Andrews Glen / SMR Architects

Courtesy of

Architect: SMR Architects
Location: Bellevue, Washington,
Project Team: John Woodworth, Paul Hanson, Scott Starr, Leah Ericksen
Client: Imagine Housing
Contractor: WG Clark Construction
Structural and Civil Engineers: Coughlin Porter Lundeen
Photographs: Courtesy of SMR Architects

Courtesy of SMR Architects

At Andrew’s Glen, SMR Architects partnered with Imagine Housing to provide 40 units of transitional housing to an Eastside community deeply in need. St. Margaret’s Episcopal Church initiated the project, with a vision to help struggling individuals get back on their feet in a tangible way — and whose large, central site was a perfect fit. The team collaborated over the course of two years to create the right program and the right building to suit the need and the site. Today, twenty units and support services are dedicated to the needs of a formerly homeless, and largely disabled, population of Veterans, while an additional twenty units help stabilize the community in providing for formerly homeless individuals and families.

Courtesy of SMR Architects

The site is designed to continue a campus feel for the three established uses: Church, Housing, and Thrift Store. The new apartments definethe street edge, and establish both the pedestrian and vehicular connections to all three uses. Pedestrian activity is now focused on an active community space in between the church and the apartments, central to the site, and directly connected to public transportation. This spine gathers uses — meeting spaces, laundry, and play areas, both indoors and out — while embracing the steep hillside across the site.

Courtesy of SMR Architects

The exterior is simple and modest, respectful of the larger community in massing, color and materials. The richly mottled concrete common room walls, flanking the bright, welcoming doorway, define the entry. An open parking garage fronts the remaining two-thirds of the street and maintains the existing on site parking. A mesh screen teases as it reveals and masks the parking garage beyond, while opaque panels break the rhythm of the garage columns, and of the units above. An opportunity for delight is formed from what might have been a long, bleak wall.

Courtesy of SMR Architects

Units include many universal design features to increase their accessibility to a variety of tenant needs. This includes a soothing and contrasting interiors color pallet to help the visually impaired; full turning circles and removable vanity cabinets in most bathrooms; and providing accessible appliances, fixtures and hardware everywhere.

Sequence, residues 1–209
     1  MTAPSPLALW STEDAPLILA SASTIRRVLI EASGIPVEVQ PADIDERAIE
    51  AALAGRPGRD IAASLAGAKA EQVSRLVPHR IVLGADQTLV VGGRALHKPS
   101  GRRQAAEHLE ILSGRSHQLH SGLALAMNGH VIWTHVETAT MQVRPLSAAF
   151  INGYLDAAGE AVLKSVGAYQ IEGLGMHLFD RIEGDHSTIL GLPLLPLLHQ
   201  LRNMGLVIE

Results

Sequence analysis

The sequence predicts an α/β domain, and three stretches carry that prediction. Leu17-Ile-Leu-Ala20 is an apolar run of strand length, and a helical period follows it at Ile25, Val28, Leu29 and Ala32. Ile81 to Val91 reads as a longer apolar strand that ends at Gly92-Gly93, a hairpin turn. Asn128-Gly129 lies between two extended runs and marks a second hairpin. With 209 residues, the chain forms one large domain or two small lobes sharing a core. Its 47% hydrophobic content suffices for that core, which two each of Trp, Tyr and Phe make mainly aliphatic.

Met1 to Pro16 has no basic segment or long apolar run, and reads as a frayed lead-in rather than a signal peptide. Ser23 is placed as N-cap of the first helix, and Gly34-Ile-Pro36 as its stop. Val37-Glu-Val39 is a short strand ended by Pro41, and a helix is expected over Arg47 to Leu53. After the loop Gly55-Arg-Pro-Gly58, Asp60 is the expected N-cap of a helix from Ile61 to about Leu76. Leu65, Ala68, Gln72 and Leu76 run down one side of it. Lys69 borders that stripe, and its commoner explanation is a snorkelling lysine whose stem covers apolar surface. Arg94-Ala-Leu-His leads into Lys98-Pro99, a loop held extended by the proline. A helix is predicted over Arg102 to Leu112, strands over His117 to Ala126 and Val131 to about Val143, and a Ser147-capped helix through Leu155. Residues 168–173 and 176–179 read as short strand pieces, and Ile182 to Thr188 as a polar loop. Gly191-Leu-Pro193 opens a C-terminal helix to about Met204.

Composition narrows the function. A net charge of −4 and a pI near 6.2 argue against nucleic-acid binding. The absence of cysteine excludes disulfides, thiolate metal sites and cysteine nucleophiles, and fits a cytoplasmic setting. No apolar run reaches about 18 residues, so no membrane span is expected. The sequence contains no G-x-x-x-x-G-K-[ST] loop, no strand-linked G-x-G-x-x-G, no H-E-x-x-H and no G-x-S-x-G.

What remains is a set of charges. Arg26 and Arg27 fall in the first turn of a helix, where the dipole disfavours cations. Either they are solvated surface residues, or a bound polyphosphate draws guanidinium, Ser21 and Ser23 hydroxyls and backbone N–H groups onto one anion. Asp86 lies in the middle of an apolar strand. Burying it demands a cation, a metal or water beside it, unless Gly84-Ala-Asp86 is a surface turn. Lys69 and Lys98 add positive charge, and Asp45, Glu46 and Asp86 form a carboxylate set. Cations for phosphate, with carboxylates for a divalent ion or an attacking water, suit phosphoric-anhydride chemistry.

elevations

Full-height windows make for a unique experience, designed in proportion with the human body. This additional height allows light to penetrate deep into the unit, while the low sills expand and frame the territorial views. The sun connects to the floor immediately, and traces its daily path — natural light makes such a big difference in our lives through the long, dark months of the year.

floor plans

Interior common rooms look out onto covered exterior spaces, which in turn lead to areas open to the sky. In our climate it is wonderful to be able to choose the space that suits you need as the weather changes: spaces that are cozy and warm; spaces that focus and embrace the sun; spaces that let you experience the cold, crisp air, while sheltered from the rain.

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Cite: "Andrews Glen / SMR Architects" 23 Feb 2012. ArchDaily. Accessed 22 Dec 2014. <http://www.archdaily.com/?p=211080>
  • mother

    This is nothing!
    I can’t believe that Archdaily start to embrace typical developer’s design.

    • Luke

      Read the article.

  • Andrew

    The cause may be good, but the architecture is totally un-inspiring…

    • ChicagoARCH

      Because non profit programs like this totally have money to use high end materials or to pay architects to sit around and develop hundreds of parti models–remember in the real world time=money. As someone who designs for low-income, disabled and veteran housing, there’s just no money, time, and not enough resources to accomplish high-end work. On top of that, all of our work has govt. tax credits and subsidies…only reason these things can get built in the first place…and that has strings attached to it design-wise unfortunately.

      • tre black

        In this website, I saw plenty of low-budget projects with several constrains that are more appealing than this project. Also about disabled and veterans, this building doesn’t have any ADA friendly element beside the elevator.

  • jan adegeest

    agreed with Mother in the first place. Read the article, agreed with Andrew…